I have a tendency to want to work with everyone I talk to! It's funny when I hear myself say that because I'm not necessarily an extrovert.
I'm not out there talking to everyone. Once I do learn a little about someone, I generally like them. Oddly enough, this has been one of the more difficult hurdles for me to overcome as a salesperson.
Stay with me on this.
The importance of time management in inbound sales
At this point in B2B sales
, we're way beyond the old "the customer is always right" adage. Time management skills in sales is not only necessary, performance and efficiency should be monitored, adjusted, and groomed.
Today, we have partners, not clients. As salespeople, we provide valuable services or products that will help our partners achieve their business objectives.
I have my set of parameters to determine whether or not this client will work for my company, and my potential client is deciding whether or not what I have fits with them.
Even though it seems pretty straightforward, this part is still challenging because that old school sales guy still lives somewhere in the back of my brain, is always saying, "We have to get these guys. No matter what it takes. So, ignore ALL of those red flags, focus on them and let's close this thing!"
That may sound good and all. Here's the catch: when you let those red flags pass you by, you're going to have poor client relationships.
You'll either get the business, and it will blow up in your face, or, more likely, you will waste precious minutes/hours/days/weeks/months of your time chasing after this deal that will likely never happen. I've seen this so many times.
This is one of the many reasons time management for salespersons is so important to inbound sales. Not only does good time management nurture potential relationships, it can help to move down pipeline stale leads and even aid in building confidence in your brand, your products, and your partnerships.
If you look closely enough at those accounts in the pipeline, you will notice that they have been sitting there at 50% for who knows how long. "But, they're just waiting until XYZ!" Or, "Once XYZ happens, they're in!" That's what I always used to think, but the reality of the situation is that they're not going to do it.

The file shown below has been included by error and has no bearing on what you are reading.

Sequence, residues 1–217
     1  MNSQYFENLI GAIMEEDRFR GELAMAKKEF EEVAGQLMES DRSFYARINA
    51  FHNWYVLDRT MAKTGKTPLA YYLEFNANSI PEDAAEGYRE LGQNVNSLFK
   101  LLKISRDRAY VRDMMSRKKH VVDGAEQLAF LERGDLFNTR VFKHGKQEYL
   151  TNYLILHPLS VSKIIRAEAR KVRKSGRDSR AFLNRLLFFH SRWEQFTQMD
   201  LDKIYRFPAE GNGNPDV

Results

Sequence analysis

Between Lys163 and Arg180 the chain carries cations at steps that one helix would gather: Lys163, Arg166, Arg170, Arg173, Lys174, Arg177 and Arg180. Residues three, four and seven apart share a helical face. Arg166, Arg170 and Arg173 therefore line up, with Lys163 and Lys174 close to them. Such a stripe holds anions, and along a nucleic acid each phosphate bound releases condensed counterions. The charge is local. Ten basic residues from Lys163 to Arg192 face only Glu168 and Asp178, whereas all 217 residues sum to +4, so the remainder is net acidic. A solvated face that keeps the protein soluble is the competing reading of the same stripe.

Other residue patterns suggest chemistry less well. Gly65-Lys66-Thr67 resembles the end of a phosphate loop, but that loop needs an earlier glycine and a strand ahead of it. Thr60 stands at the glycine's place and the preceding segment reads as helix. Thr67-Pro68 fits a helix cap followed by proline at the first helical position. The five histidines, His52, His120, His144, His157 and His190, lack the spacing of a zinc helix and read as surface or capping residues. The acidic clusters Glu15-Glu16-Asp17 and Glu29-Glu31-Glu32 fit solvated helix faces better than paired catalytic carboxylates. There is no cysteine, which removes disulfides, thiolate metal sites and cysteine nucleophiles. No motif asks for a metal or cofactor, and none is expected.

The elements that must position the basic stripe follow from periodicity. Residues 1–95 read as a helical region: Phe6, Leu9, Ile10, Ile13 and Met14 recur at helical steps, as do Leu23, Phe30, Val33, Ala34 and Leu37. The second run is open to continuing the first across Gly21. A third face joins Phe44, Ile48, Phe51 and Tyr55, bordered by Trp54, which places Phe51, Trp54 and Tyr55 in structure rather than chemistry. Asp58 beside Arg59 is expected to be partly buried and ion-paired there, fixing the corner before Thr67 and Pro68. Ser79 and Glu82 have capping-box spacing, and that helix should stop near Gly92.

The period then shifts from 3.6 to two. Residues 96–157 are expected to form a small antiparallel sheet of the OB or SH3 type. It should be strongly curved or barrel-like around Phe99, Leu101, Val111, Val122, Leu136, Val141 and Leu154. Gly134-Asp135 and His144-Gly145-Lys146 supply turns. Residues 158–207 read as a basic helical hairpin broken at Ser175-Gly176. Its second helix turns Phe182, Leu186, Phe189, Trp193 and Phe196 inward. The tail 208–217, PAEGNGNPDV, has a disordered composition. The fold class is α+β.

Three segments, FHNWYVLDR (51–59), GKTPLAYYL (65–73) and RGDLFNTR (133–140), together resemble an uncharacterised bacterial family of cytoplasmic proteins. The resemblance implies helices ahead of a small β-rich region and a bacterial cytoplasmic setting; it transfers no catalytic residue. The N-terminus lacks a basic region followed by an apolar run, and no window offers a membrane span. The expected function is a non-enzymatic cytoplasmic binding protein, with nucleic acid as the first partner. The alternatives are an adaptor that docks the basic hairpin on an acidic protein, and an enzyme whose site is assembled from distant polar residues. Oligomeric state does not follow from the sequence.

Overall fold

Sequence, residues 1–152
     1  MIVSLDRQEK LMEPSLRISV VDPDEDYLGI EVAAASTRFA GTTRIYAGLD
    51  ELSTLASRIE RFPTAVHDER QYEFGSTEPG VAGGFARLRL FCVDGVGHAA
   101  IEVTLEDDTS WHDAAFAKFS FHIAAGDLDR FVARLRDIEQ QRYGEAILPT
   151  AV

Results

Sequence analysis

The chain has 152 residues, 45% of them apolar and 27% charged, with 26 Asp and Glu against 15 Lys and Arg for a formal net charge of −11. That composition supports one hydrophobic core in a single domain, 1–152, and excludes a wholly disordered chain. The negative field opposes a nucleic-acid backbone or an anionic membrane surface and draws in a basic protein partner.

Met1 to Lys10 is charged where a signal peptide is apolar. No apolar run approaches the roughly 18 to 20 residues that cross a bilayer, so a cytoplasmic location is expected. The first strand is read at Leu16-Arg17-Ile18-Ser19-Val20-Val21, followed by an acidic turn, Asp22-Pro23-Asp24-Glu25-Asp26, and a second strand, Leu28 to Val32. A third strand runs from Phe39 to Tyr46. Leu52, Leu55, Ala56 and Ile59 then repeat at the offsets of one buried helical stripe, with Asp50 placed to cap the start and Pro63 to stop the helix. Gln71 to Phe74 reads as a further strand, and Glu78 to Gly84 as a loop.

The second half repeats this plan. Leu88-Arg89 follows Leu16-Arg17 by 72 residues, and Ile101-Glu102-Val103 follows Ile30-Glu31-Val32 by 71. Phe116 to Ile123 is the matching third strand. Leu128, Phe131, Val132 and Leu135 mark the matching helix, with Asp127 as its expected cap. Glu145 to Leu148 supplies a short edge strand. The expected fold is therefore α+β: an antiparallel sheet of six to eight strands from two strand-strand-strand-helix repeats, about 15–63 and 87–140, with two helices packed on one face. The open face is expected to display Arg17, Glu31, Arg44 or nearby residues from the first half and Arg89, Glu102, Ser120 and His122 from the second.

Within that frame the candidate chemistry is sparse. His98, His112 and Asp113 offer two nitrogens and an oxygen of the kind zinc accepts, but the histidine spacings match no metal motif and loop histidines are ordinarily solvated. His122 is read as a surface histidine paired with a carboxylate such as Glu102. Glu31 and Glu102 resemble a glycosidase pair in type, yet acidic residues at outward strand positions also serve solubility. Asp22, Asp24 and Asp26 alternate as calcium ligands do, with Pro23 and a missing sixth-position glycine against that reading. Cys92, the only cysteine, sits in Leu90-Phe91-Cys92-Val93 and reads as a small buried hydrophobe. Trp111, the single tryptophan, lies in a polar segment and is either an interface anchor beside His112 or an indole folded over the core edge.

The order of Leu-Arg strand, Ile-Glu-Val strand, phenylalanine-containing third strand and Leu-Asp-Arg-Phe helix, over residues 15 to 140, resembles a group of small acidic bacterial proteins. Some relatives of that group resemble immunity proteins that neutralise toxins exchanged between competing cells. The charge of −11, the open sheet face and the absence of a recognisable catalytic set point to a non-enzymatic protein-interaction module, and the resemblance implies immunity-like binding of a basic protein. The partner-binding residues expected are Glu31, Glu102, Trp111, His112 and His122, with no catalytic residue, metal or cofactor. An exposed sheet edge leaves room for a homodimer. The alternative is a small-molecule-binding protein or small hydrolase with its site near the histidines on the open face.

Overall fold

So, to avoid those issues, here are three rules I try to keep in mind as I sit down to do my prospecting:
Understand the intent of your prospects with content
This is where inbound marketing comes in and is one of the best services we offer at Watermark. Inbound leads aren't just another stream of warm leads to back up your current prospecting initiatives. Inbound marketing does much more.
Time management in B2B sales is aided by inbound tactics as many of them can be automated, providing an instant boost to productivity. Inbound marketing helps capture the exact information you need to further move the lead down the sales pipeline and can help the prospect in choosing if they're interested.
For example, as a part of a content marketing campaign,
consider four to five qualifying criteria of your target B2B persona. These could be the company's size, company goals, history with using your service/product, etc. Route these answered questions and identified pain points right into your content.
At this point we know the intent of each visitor of the content, so it's time to set-up a lead capture CTA or put the content behind a wall.
This is a form of "Gated Content," - and it works.
When you collect contacts this way, and when you do start outreach, the discovery goes much smoother. Given you already know the intent and some of the pain points that resonate, you look even more pro than you are already.
Want to learn more about content marketing tactics from an inbound professional?
Be strategic in that first conversation, not just polite
When you're on that first call or in-person meeting, make sure to dig more deeply. If you find out that they love to fly fish, then chat about fly fishing for a bit, but don't spend the next hour comparing each other's favorite stretch of water around the world! Concentrate, stay on task, and stay professional.
Control the call and get the information you need. The truth is this professional demeanor and discipline is what builds a strong personal and professional relationship. Also, give the information they need to make the best possible decision on whether or not your companies should continue this process.
Start with a small project to test the waters
At Watermark, almost all of our active, long-term clients started with a small, one-off project. Think of this as a paid audition. Maybe it's a small order of your product or a one-month term of your service.
For us, it's usually a small update or change to a website, like creating a carbon copy of their current site but moving it from an outdated CMS
to a new one. Either way, during this lower impact relationship, you get to know each other personally and professionally. Both parties can decide whether a long-term commitment would be a good idea.
I want to be clear that "Palling Around" is not a bad thing. This is always a touchy subject because I don't want to give the impression that you should treat your clients like you're the assistant principal. Manage your time professionally and don't force a sale, plain and simple. I've found that the three rules above help me quite often. I would love to hear what works for you!
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